To conclude, Walking with Miss Millie is a great story with youthful writing and interesting main characters. I loved how it's not only depicting an unlikely friendship in a time where that didn't happen a lot, but I also like that you can learn from the story and possibly use a character like ten-year-old Alice to inspire change in your life and others. 




About the Author
Tamara Bundy is a high school English teacher with a Master’s degree in writing, and is a former columnist for the Cincinnati Post (her regular column on being a mom also appeared on EWTN global Catholic radio). Walking Miss Millie is her debut novel. She lives in Cincinnati, Ohio. 




Friday, July 14, 2017

Behind the Pages #31: Tamara Bundy talks her debut novel 'Walking with Miss Millie' + Giveaway



Hey, guys! I'm finally back with another Behind the Pages feature, and I'm pleased that it is a debut author this time around, which also happens to be the first interview on the blog since the start of 2017. Tamara Bundy has recently debuted her middle-grade novel, Walking with Miss Millie (a book that I liked by the way), and I'm happy that I had the opportunity to discuss the book and more with her. Not only that, Penguin Random House is contributing a copy of the book to one lucky winner from the U.S. So continue below for the interview and giveaway.

Thanks for taking the time, Tamara. Where are you from and at what point in your life did you realize you wanted to become an author.
I grew up in Hilliard, Ohio (a suburb of Columbus-the same place my main character, Alice, wants to return to). I fell in love with the play of words from Dr. Seuss by the age of seven. I loved rhythm and rhyme and began to write poetry.  The first time someone said I was a good writer, I was hooked and wanted to write ever since.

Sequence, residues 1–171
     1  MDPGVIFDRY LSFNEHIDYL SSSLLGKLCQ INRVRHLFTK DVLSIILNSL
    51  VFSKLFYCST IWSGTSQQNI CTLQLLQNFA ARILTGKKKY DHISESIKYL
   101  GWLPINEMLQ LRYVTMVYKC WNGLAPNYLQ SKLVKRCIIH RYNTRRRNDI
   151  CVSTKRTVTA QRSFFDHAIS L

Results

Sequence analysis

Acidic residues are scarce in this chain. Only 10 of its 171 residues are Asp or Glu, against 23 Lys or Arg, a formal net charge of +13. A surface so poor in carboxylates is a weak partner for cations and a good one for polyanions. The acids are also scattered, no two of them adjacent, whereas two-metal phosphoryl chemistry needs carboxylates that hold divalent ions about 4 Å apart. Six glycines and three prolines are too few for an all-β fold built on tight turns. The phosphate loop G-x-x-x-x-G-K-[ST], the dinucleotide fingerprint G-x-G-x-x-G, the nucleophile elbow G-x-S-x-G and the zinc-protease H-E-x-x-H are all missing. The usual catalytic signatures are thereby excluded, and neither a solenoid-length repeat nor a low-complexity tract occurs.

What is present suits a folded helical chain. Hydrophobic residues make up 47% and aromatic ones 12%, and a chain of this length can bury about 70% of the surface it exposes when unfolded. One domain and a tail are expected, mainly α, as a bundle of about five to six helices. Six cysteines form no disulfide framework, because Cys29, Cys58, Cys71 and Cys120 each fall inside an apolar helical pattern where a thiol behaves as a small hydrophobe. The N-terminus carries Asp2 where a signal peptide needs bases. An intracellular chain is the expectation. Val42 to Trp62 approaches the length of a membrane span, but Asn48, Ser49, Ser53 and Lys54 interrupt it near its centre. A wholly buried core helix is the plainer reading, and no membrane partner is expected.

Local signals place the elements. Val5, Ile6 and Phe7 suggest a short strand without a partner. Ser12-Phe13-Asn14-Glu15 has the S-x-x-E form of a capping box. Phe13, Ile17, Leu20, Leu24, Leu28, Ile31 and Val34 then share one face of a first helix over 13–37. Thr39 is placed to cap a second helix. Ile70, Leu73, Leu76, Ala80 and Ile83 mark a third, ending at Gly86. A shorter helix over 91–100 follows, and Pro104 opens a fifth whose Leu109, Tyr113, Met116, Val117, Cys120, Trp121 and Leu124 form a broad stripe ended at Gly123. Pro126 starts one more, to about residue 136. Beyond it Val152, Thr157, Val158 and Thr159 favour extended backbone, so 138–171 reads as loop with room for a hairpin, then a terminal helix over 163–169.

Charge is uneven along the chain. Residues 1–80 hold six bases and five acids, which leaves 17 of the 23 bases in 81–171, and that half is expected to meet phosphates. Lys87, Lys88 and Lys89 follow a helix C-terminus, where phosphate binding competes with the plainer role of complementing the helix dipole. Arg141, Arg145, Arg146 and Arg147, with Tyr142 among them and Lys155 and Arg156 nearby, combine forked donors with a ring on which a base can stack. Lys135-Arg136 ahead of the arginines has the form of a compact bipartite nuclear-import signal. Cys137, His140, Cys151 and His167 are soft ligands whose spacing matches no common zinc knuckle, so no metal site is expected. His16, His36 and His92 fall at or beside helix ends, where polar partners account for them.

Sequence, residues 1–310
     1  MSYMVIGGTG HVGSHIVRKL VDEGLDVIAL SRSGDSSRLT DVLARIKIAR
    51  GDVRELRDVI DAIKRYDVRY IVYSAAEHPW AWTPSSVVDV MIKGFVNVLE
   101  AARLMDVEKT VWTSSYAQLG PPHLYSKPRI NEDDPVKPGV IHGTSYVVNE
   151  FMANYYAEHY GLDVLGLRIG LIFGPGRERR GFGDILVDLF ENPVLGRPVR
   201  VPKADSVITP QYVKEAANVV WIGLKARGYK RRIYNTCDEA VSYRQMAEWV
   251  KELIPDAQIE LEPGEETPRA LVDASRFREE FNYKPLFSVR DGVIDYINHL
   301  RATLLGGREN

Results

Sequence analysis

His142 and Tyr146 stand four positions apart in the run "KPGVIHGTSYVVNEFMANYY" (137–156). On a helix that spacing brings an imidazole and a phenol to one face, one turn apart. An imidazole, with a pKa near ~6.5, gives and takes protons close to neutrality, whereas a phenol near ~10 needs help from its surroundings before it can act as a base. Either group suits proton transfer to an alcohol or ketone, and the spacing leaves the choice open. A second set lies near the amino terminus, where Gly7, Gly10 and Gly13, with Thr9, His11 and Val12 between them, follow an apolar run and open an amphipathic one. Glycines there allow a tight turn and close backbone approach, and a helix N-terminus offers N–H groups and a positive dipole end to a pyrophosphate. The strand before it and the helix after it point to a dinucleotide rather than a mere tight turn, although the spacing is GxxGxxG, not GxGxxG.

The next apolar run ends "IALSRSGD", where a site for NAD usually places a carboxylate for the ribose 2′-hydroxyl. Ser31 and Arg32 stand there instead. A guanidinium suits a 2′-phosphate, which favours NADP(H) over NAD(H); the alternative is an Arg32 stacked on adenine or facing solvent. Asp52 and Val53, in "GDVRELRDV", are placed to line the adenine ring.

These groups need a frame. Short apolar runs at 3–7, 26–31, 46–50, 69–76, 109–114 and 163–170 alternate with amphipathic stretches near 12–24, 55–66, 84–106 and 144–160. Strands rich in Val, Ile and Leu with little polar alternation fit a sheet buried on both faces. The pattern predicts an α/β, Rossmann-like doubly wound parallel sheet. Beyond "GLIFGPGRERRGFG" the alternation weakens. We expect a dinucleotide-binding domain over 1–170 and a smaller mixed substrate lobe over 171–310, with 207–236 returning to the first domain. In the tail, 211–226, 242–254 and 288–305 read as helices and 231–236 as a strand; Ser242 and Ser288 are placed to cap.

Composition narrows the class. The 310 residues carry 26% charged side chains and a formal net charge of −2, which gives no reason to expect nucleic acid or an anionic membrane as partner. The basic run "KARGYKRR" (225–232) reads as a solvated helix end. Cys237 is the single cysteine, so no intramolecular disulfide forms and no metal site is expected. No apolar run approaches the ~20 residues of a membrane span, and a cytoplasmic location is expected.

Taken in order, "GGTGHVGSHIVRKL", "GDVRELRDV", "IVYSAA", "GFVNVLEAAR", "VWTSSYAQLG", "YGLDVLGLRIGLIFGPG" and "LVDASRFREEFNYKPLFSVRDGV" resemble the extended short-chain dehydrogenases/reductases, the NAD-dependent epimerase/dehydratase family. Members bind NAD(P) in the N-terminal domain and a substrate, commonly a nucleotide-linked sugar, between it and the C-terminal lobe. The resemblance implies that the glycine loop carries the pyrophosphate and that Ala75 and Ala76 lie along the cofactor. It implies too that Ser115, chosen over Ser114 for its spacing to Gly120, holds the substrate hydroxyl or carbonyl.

Who are some of your biggest influences in literature?
Of course, I loved Dr. Seuss, who taught me words can be both fun and meaningful. As I grew, I enjoyed Judy Blume who could tell a story like she was your best friend, Madeleine L’ Engle whose imagination both scared and entertained me and Shel Silverstein whose poetry made me laugh and cry. But I also won’t underestimate the impact my Archie comic books had on my desire to tell a story. 

How has being an English teacher and former columnist for the Cincinnati Post affected your writing?
Writing a weekly column was great discipline for just writing.  It didn’t matter if you felt inspired or not –if your column was due on Monday, you’d better have it written by Sunday. It was great practice for not choking under deadlines. As a teacher, I get to see the impact good books have on students. I see the light bulb of understanding go off, I hear the big football playing tough guy sniffling at the end of Of Mice and Men. It never gets old. And when I think of students getting my own books in a classroom, it makes me so happy. But I also know how diverse students are, how complicated their lives are. I always want to honor that –to really make it worth their time to read my books. 

Congratulations on your debut, ‘Walking with Miss Millie’. What inspired the story and why set it in the 1960’s? 
When my own daughter was in middle school, and feeling like she had no friends, she began walking the elderly neighbor’s dog. However, the dog refused to walk with just my daughter, so the neighbor lady went along too. It stayed that way and became a unique and lovely friendship. I knew I wanted to tell that story, but seeing what was going on in the world with matters of race, I wanted to write something that might help students understand each other. I wanted people to see how far we’ve come –and how far we need to go. That’s when I decided it would be a richer story if it took place in the 60’s and the two characters were different races.

Were there moments where the story felt challenging for you to write or you felt nervous about creating these characters? 
Maybe I should have been nervous, since I eventually found out that it is tricky to write outside your race, but I felt my character, Miss Millie, whispering in my ear the whole time. The story unfolded so naturally, the only challenge was wanting so hard to do her justice –I needed the world to love her as much as I did.

What are you hoping readers will take from the friendship between Alice and Miss Millie, a young white girl and an elderly black woman?